Needless to say, by the time Moses got within a distance down Mt. Sinai where he could hear the hullabaloo and merrymaking taking place – he was in no mood for lousy excuses which his brother Aaron offered. Especially this particular rationalization found in Exodus 32: 21 – 24: “And Moses said to Aaron, ‘What did this people do to you, that you have brought so great a sin upon them’ And Aaron said, ‘Let not the anger of my lord blaze hot; you know the people, that they are set on evil. For they said to me, Make us gods which shall go before us; as for this Moses, the man who brought us up out of the land of Egypt, we do not know what has become of him. I said to them, Those who have any gold, let them take it off. So they gave it to me; then I cast it into the fire, and there came out this calf.’”
Frankly, this is one of the most stupid excuses in history. Aaron happened upon a self-building, self-appearing golden calf which jumped out of a molten fire, fully-formed and perched in the camp, all ready for a dance party. No wonder that Moses was so angry at the sight of the debauchery, he threw the perfect tablets, the “Testimony” of God, written by the Eternal’s own finger, down to the ground where they broke in pieces.
But it wasn’t just Moses who was filled with righteous anger. God clearly expressed His displeasure in Exodus 32: 9-15:
“And the Lord said to Moses, ‘I have seen this people, and behold, it is a stiff-necked people; Now therefore let Me alone, that My wrath may burn hot against them and that I may destroy them; but I will make of you a great nation.’ But Moses besought the Lord his God, and said, ‘Lord, why does Your wrath blaze hot against Your people, whom You have brought forth out of the land of Egypt with great power and a mighty hand? Why should the Egyptians say, for evil He brought them forth, to slay them in the mountains and consume them from the face of the earth? Turn from Your fierce wrath, and change Your mind concerning this evil against Your people. Earnestly remember Abraham, Isaac, and Israel, Your servants, to whom You swore by Your own self and said to them, I will multiply your seed as the stars of the heavens, and all this land that I have spoken of will I give to your seed, and they shall inherit it forever.’ Then the Lord turned from the evil which He had thought to do to His people.”
Exodus 32: 9-14
There are several important points in this story which call me to attention:
Point 1: I pray that I am a friend of God. A friend that doesn’t crave the honor due to my heavenly Father. I want to be God’s friend in the way Moses was God’s friend. I want to intercede with my heavenly Father just as Moses interceded on behalf of God’s children who had willingly entered into sinful behavior, completely forgetting all God had done for them.
Point 2: I want to recognize that the toxin of sin destroys my relationship with my heavenly Father. As commentator Matthew Henry writes in his study on this experience: “We need to observe what God says here to Moses concerning sin. The people had “corrupted” themselves. Sin is the corruption or depravation of the sinner, it is self-corruption. Sin is also a ‘turning aside out of the way.’ Sin is a deviation from the way of our duty.”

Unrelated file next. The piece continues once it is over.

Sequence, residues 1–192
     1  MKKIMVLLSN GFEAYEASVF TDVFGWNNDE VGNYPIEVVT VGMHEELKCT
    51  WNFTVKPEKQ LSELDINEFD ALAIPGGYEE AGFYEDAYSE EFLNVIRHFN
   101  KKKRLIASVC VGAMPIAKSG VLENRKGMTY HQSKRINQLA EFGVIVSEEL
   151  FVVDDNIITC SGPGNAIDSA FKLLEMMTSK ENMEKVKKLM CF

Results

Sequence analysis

Point 3: I want to understand that the compassion of God, His gracious kindness, will never change, for when with a contrite heart I come to Him in repentance, accepting His forgiveness, God will accept me for He tells us that He has no pleasure in the loss of even one of his children.
It does us well as we study about the repeated sinfulness of God’s children in history, to remember that like Moses, we too can intercede on behalf of those around us. And we can pray that our own lives will bring only glory to the name of our unchanging Father. In the words of Psalm 79: 9, “help us, O God of our salvation, for the glory of Your name! Deliver us, forgive us, and purge away our sins for Your name’s sake.” As Matthew Henry penned, “The glorifying of God’s name ought to be our first petition.”
As we study about God’s intervention in history, especially at those times when His children, those who were called by His name, defaced the image of their heavenly Father, may our hearts be touched by the eternal compassion bestowed upon us by our unchanging heavenly Father. But may we also reflect on the corrupting pollution called sin, which when “toyed” with brings down its victims for as our Father warned His children in Eden: “Sin causes death.” In the words of the Psalmist David, “Have mercy upon me, O God, according to the multitude of Your tender mercy and loving-kindness blot out my transgressions…Restore to me the joy of Your salvation and uphold me with a willing spirit” (Psalm 51: 1, 12, Amplified Bible).
“God never changes who His is. He is always consistent. He is not fickle. He was not a different God in the Old Testament or to your grandparents. He is and always has been the same God. He is holy (He keeps His promises). He is righteous (He always does what’s right). He is good (He loves us and is always working in us and for us). These things never change.”
“Let us, with gladsome mind
Praise the Lord, for He is kind;
For His mercies shall endure,
Ever faithful, ever sure.”
"O burning mountain, O chosen sun,
O perfect moon, O fathomless well,
O unattainable height, O clearness beyond measure,
O wisdom without end, O mercy without limit,
O strength beyond resistance,
O crown of all majesty,
The humblest You created sings Your praise.”
Mechthild of Madgeburg
Dorothy Valcárcel, Author
When A Woman Meets Jesus